Livingstone College awards full scholarships to Brockton High students

BROCKTON — At least 28 students at Brockton High School received on-the-spot acceptance letters and full-ride scholarships to Livingstone College, one of 10 historically Black colleges or universities in North Carolina, on Wednesday morning.

Livingstone College President Anthony Davis and his team visited the high school Wednesday, where they surprised over 200 students with free applications to the historically Black, Christian college that would be reviewed and could be accepted on site, along with fully paid, presidential scholarships.

“I’ve never walked into an auditorium and got accepted into college,” said BHS senior Aniyha Hill, who received the first acceptance letter of the day. “I wasn’t expecting all that. I’m very thankful.”

Hill said she’s hoping to attend an HBCU next school year to study biology, and she was already planning to apply to Livingstone.

A total of 36 BHS students submitted applications, with eight students’ applications still pending approval while their transcripts are delivered from international schools. All students were required to have a GPA of at least 2.5 to qualify. Students with a GPA of 3.5 or higher were automatically eligible for a full scholarship.

“This is fantastic,” said BHS Principal Kevin McCaskill. “It’s opening up opportunities for future students, they are laying the groundwork. This is simply amazing.”

Livingstone College is a small liberal arts college with a 73% acceptance rate that was founded in 1879. According to Davis, more than 6,000 students apply to the college every year, and of the ones who are accepted roughly 400 enroll.

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Anthony Brooks, vice president of enrollment management at Livingstone, said the school retains 78% of students from their freshman year to their sophomore year, and has a graduation rate of 25%, although many students transfer to other colleges before graduation.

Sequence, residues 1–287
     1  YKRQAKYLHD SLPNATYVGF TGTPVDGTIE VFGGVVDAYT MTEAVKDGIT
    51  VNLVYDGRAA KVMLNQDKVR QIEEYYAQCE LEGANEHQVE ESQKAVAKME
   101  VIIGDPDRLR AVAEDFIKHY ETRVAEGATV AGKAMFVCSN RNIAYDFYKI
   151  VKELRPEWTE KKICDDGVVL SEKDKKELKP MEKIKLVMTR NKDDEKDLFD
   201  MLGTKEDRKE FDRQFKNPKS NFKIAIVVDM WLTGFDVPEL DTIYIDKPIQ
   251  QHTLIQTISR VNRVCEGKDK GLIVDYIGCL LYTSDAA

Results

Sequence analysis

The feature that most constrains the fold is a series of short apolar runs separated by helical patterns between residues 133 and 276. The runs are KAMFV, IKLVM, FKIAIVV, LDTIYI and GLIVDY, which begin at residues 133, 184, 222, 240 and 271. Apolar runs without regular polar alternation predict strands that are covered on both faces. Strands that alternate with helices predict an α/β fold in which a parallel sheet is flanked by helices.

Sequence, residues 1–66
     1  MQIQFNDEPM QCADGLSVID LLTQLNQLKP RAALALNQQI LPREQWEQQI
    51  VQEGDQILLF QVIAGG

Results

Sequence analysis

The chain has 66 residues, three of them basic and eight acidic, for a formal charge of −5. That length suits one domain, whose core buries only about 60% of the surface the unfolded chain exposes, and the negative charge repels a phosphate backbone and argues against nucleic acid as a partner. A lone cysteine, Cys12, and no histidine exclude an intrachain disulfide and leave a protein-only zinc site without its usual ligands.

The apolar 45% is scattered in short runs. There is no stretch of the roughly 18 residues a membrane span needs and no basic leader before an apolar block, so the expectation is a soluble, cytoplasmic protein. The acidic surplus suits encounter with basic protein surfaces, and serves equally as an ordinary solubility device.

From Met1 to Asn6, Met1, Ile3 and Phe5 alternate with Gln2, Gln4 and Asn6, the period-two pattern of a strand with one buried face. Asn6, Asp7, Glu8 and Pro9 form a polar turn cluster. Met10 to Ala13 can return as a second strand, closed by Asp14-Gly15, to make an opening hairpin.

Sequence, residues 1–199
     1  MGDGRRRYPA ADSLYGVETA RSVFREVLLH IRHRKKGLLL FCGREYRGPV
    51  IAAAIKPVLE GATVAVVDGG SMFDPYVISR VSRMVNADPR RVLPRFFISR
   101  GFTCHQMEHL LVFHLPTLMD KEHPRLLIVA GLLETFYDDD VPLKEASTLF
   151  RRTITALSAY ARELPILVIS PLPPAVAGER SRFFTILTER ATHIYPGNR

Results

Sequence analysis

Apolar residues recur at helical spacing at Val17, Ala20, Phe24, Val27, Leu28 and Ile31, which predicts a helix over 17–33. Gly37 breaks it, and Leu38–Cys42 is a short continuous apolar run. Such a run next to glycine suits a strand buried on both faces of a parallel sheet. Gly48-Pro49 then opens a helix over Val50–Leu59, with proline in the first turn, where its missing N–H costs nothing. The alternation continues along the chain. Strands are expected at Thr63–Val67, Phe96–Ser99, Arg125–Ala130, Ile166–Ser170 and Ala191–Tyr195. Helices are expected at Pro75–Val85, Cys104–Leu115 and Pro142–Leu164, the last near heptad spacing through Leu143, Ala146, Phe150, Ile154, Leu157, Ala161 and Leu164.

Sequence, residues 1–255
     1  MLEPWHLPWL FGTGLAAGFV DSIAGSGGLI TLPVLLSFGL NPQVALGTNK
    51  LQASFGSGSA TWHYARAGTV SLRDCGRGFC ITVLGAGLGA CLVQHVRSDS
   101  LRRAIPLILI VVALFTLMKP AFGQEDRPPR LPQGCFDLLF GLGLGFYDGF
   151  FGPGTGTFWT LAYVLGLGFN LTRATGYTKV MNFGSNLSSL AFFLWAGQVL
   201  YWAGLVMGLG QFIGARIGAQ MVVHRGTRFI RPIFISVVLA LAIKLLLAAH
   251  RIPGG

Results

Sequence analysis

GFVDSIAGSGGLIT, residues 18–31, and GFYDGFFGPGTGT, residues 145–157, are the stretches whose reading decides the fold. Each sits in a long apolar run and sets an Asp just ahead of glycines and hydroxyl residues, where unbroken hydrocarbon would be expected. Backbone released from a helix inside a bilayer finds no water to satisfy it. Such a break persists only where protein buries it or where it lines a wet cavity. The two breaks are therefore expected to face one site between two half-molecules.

Davis awarded most of the accepted students with presidential scholarships that will fully fund the students’ tuition and can be renewed all four years.

“I didn’t have enough money to pay for college,” said Dimonika Bray, a BHS senior and one of the accepted students. “I’m in disbelief. This is so unexpected.”

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Bray said she’s received “a bunch of acceptance letters” from colleges like UMass Boston and felt relieved she could potentially attend college without asking her family for help.

“We don’t have the income for it,” said Brockton senior Celestin Ocelitho. “It’s very helpful for us because some of us are immigrants.”

“I want to go where opportunities aren’t plentiful,” Davis said. “I want to go to the neighborhoods where I grew up…where students look like me.”

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Davis spent his childhood in foster care until he aged out of the foster care system, and said he almost became homeless at age 17. Now, he’s the first Livingstone alumni to serve as the college’s president in over 50 years.

“Education is the key that unlocks the door to the middle class and beyond,” Davis said.


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